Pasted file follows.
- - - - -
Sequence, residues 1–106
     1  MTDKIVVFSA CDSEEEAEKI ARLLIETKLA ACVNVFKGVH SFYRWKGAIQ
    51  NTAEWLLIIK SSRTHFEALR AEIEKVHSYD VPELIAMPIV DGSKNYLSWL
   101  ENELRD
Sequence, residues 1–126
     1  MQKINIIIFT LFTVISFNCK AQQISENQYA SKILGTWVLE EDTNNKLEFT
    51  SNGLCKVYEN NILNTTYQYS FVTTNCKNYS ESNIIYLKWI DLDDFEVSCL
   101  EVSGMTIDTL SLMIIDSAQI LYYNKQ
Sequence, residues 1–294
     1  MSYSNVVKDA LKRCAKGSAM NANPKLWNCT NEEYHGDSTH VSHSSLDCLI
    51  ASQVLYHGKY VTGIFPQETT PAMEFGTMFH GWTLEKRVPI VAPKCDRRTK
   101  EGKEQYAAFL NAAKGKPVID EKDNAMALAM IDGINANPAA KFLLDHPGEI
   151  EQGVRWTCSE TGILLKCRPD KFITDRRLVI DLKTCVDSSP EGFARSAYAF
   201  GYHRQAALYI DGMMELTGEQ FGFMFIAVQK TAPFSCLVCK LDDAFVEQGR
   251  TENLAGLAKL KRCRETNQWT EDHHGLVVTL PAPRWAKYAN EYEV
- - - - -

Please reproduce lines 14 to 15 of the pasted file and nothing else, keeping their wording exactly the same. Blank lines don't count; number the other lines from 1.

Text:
   201  GYHRQAALYI DGMMELTGEQ FGFMFIAVQK TAPFSCLVCK LDDAFVEQGR
   251  TENLAGLAKL KRCRETNQWT EDHHGLVVTL PAPRWAKYAN EYEV